This past decade witnessed one of the biggest urban building booms in the nation’s history.  Memphis enjoyed its share of higher-density multifamily construction, renovation and conversion within its borders, particularly in its downtown.

As we find footing in the wake of the housing market meltdown and ponder what market share multifamily should represent in this city, I would like to offer one consideration that has received little attention: multifamily living as green living.

Multifamily housing is key for any city that longs for viable, urban neighborhoods.  It brings a density that is absolutely necessary for any substantive level of pedestrian activity, which itself is the hallmark of great urban design and great cities.    (For the record, I’m not talking about multifamily built on a superblock interspersed in diagonal patterns around parking lots, but multifamily built close to the street with parking in the rear.  Think 1920s apartments, not 1970s.)

Most Memphians have historically turned away from multifamily housing as desirable living quarters, more so than their metropolitan peers around the nation.  But, a small contingency of young professionals, singles and, increasingly empty nesters have formed a reliable customer base for Memphis’ apartment owners and condominium developers.  I think these owners and developers should add a fourth group to this list as they market themselves: the “greens.”

Multifamily is green in three principal ways:

1.  Landscaping. With the exception of gardening and xeriscaping, large yards are essentially wasteful and represent a substantial environmental cost.  There’s the gasoline required to fuel the lawnmower, the plastic bags that are used to collect the clippings, the gasoline that the truck uses to get the clippings to the landfill and, of course, the landfill itself.  Then there’s the irrigation needed to keep everything living before the whole process is repeated.  While good multifamily buildings should certainly contain landscaping around them, the per-capita environmental cost is far lower.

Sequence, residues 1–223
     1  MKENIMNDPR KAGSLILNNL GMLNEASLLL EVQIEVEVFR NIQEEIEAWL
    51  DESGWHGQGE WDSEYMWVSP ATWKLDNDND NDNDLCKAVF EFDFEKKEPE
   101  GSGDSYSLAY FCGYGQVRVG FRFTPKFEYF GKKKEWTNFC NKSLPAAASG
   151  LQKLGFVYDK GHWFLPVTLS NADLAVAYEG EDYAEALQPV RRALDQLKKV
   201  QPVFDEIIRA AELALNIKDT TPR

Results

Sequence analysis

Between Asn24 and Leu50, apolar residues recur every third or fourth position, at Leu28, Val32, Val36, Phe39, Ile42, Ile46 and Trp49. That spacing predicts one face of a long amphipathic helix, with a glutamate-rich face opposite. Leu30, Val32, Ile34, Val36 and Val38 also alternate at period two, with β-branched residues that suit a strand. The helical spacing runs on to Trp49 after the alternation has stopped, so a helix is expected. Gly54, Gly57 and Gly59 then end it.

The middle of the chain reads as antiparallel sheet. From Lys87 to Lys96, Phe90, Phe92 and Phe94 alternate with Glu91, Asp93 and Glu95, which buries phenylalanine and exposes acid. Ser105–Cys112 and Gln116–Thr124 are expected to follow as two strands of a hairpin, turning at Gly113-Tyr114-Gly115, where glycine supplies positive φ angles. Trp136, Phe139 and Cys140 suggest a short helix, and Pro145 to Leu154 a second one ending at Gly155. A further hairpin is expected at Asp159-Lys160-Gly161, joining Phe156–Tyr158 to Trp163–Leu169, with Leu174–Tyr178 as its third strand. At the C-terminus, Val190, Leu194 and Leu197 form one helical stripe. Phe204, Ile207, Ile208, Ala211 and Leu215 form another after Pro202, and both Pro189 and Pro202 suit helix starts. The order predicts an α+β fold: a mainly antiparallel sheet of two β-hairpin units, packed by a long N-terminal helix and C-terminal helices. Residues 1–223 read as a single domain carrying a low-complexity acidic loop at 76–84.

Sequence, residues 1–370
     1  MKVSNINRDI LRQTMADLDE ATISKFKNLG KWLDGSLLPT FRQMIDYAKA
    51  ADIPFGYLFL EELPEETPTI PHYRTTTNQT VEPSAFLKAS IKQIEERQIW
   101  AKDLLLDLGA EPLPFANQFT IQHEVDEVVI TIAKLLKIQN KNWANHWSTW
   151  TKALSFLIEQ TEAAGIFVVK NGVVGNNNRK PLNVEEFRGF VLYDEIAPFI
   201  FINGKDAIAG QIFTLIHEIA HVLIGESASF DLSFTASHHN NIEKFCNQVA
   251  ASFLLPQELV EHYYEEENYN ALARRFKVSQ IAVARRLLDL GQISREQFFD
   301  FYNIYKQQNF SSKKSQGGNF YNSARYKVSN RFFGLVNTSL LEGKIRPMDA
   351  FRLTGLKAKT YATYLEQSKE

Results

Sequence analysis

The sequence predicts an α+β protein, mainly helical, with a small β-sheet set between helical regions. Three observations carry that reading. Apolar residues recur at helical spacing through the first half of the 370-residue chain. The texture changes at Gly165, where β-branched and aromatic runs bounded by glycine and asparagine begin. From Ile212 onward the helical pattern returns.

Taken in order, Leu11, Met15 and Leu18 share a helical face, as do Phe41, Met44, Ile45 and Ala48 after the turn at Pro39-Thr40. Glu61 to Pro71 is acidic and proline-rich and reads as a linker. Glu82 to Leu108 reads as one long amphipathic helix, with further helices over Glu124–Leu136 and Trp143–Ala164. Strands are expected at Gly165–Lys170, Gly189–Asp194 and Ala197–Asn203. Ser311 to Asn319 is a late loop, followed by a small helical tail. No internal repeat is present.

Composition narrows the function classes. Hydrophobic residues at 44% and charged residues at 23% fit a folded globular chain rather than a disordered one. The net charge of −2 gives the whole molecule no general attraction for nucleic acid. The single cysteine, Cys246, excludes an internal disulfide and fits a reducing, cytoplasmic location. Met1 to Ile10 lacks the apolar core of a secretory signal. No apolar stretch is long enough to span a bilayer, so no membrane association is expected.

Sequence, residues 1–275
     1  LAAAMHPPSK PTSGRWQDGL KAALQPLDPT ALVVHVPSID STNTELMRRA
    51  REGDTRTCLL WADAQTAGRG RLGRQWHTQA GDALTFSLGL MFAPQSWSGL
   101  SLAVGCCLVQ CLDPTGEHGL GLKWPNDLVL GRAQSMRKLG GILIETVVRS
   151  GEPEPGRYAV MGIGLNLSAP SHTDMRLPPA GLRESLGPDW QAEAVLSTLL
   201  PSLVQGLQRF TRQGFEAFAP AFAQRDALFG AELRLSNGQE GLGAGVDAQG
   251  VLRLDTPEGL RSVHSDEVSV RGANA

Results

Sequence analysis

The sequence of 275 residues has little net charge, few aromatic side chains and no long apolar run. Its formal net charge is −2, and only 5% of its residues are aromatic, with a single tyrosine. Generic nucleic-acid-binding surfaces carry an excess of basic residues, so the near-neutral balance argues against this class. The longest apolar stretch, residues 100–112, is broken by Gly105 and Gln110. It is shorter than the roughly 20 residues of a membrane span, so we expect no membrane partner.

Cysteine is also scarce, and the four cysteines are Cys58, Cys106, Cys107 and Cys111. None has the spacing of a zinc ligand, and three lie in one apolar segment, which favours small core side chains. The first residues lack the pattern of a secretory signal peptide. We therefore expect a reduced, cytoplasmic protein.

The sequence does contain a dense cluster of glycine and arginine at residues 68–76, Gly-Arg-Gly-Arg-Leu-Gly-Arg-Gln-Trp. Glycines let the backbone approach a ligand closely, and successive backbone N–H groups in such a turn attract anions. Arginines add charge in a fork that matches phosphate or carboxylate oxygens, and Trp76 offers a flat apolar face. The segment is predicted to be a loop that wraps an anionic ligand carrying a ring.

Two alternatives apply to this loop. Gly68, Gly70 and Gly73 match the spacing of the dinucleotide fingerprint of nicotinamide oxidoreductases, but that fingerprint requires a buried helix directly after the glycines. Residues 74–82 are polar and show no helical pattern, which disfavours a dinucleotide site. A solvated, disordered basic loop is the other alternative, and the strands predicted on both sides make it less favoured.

Consider this: I live in an 18-unit building surrounded by roughly 2000 square feet of irrigated beds and 1600 square feet of irrigated lawn on a ½ acre site.  That totals to about 200 square feet of irrigated landscaping per household.  With the average size of a lot in Memphis at about ¼ acre with roughly half of that, or 5000 square feet, made up of lawns, my neighbors and I are 25 times as green as our single family counterparts.

2.  Proximity. Since multifamily typically serves as a “buffer” between single-family and commercial uses, it is in closer proximity to stores, offices and the like.  This proximity reduces drives to everyday errands and the workplace; in fact, it may even turn a drive into a walk.  Reducing drive time reduces carbon emissions, thereby making for a cleaner city.

Consider this: My building is within a 5-minute walk to two grocery stores, two pharmacies, a coffee shop, countless restaurants and bars, a church, four convenience stores, four cleaners, three hair salons, two package stores, an ice cream shop, two banks and a soon-to-be-opened yogurt shop.  With a 10-minute walk, you exponentially increase these figures and add a movie theatre and four live theaters.  One of my neighbors has no car, two share a car and I have witnessed many of the rest walk to and fro this list of establishments.  These walking and short driving trips represent a fraction of the fossil fuels that would be required of the same 18 households in single-family settings.

3.  Energy Efficiency. In addition to the energy saved from reduced landscaping and vehicular usage, multifamily units are also more efficient to heat and cool.  Since a smaller percentage of the housing unit is exposed to the elements, it is more efficient to heat and cool multiple households under one roof than under multiple roofs.  In addition, multifamily units tend to be smaller than single-family units, further increasing their energy efficiency.

With imminent passage of the Unified Development Code and consideration of the Midtown Overlay District by the City, development of good multifamily housing should become easier in Memphis.  With the City attempting to create greater density in its core, and with so many Memphians now claiming to be “green,” let’s work hard to put the two together so we can enjoy the same kind of viable urban neighborhoods that are becoming the norm in Nashville, Atlanta and many of our other peer cities.